Doc: Is stress test more stressful than it’s worth?
Dear Dr. Roach: I am always asked to redo tests — echo ECG, stress test ECG, nuclear stress test. The results are barely mentioned, yet the test is always indicated another time. Is this a waste of money (for the patient)? In someone with no known blockages and no symptoms, how often should a stress test be done?
Dear M.W.: Stress tests are not routinely recommended as screening tests, which is to say for testing people with no symptoms. They can be dangerous, because like all screening tests, they can have a false-positive result, which leads to anxiety and unnecessary other tests. In the case of heart disease, the test often is coronary angiography, which is an invasive test. They also can have false-negative results, which can lead to a false sense of security and failure to get proper medical therapy.
Many physicians order these tests in good faith, because they want to help their patients. They know heart disease remains the leading cause of death, and any experienced clinician has had patients die from heart attacks, often the first heart attack. While I understand the motivation, the experts agree and the data show that getting the stress test as a screening tool is more likely to cause more harm than good.
Dear Dr. Roach: Am I wrong in believing that one is NOT supposed to administer cardiac compressions for seizures? I see health professionals, even RNs, doing it time and again after a simple seizure because they cannot get a pulse on the person.
One would not necessarily find a pulse following a seizure, correct? Please advise health professionals of the proper way to treat a person during and after a seizure, because they do not know!
Dear S.O’G., RN: Witnessing a seizure when you have not previously seen one is very frightening, and I often see well-meaning people attempt to help, but in a dangerous fashion. However, I have never seen anyone attempt chest compressions. During a seizure, trying to find a pulse may be impossible. But the heart must be working if the person is moving. Medical professionals should know better.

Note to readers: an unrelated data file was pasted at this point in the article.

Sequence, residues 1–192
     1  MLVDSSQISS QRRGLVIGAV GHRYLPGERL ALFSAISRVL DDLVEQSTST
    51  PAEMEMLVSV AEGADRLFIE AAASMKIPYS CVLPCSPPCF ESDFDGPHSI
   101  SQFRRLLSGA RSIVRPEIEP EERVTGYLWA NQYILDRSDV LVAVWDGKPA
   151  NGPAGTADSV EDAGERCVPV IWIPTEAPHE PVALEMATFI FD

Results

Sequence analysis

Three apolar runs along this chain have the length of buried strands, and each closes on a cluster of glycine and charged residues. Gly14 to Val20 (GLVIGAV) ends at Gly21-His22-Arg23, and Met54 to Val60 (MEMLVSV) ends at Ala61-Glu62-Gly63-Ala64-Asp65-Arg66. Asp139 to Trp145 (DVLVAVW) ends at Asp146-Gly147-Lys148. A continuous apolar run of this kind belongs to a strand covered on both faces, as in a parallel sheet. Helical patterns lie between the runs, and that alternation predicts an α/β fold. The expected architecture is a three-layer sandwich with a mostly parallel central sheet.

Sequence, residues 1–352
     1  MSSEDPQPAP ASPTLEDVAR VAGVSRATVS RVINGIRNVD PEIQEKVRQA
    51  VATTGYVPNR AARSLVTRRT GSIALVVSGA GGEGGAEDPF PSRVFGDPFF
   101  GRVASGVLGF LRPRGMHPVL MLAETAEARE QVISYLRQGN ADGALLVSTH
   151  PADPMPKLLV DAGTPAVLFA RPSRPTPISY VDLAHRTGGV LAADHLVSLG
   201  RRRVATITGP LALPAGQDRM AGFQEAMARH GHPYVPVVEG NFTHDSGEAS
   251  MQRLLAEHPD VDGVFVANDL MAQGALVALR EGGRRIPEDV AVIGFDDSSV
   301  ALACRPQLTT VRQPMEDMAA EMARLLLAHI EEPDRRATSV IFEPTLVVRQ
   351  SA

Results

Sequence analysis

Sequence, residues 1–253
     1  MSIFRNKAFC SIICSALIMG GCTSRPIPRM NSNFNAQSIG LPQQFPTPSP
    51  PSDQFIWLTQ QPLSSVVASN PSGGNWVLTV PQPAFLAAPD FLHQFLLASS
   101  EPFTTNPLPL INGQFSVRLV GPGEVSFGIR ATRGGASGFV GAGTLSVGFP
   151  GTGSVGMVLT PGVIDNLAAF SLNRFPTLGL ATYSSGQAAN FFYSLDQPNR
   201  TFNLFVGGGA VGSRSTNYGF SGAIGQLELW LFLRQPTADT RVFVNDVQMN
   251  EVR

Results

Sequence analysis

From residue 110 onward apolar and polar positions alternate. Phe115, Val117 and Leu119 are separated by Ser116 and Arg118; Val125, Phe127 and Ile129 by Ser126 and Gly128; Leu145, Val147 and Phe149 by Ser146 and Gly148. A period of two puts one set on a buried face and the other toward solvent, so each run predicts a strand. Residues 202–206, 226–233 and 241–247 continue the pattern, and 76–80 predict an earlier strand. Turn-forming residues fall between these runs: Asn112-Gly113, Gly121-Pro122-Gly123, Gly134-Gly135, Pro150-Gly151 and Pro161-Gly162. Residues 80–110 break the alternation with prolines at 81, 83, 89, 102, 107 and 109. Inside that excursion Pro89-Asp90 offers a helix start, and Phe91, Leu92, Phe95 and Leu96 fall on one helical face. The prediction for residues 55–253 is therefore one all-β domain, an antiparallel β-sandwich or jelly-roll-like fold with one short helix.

Here are some things to do when you witness a generalized seizure (often called a “grand mal’”or tonic-clonic seizure):
■Ease the person to the floor (if not there already) and make sure there is nothing dangerous nearby;
■turn the person onto his or her side to help breathing;
■protect the head with something soft;
■NEVER put anything into the person’s mouth; and
■avoid chest compressions or mouth-to-mouth breathing, as these almost never are necessary.
Call for emergency help if:
■the seizure is in water;
■the person injures him- or herself;
■the seizure lasts more than five minutes or a second one starts immediately;
■the person does not breathe after the seizure stops; or
■this is the person’s first seizure (look for medical alert jewelry or identification card).
After a seizure, a person is usually fatigued and confused for a period of time, and often needs help getting someplace safe. In a world where most people have a mobile phone, calling the person’s home, friend or relative isn’t hard. I recommend everyone have an ICE (in case of emergency) contact on their phone. Android and iPhone phones allow emergency access for these calls.
More information is at cdc.gov/epilepsy/basics/first-aid.htm. The Red Cross also has a very good free mobile app to help people deal with emergencies, including seizures.
Email questions to ToYourGoodHealth@med.cornell.edu.